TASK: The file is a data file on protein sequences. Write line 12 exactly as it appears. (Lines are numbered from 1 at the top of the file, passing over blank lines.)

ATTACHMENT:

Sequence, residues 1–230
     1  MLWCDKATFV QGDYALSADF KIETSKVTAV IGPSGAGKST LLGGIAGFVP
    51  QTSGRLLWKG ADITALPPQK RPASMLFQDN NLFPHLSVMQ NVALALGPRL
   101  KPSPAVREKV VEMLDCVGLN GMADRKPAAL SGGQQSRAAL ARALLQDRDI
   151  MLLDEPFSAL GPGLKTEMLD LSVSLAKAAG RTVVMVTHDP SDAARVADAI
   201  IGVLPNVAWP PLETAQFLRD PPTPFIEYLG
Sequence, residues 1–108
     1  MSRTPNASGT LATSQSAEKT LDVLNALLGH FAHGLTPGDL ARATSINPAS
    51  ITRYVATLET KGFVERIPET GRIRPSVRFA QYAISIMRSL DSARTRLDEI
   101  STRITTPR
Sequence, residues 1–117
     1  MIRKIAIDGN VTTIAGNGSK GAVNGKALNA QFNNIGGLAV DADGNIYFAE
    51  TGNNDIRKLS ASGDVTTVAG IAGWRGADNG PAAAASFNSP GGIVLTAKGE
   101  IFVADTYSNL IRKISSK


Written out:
     1  MIRKIAIDGN VTTIAGNGSK GAVNGKALNA QFNNIGGLAV DADGNIYFAE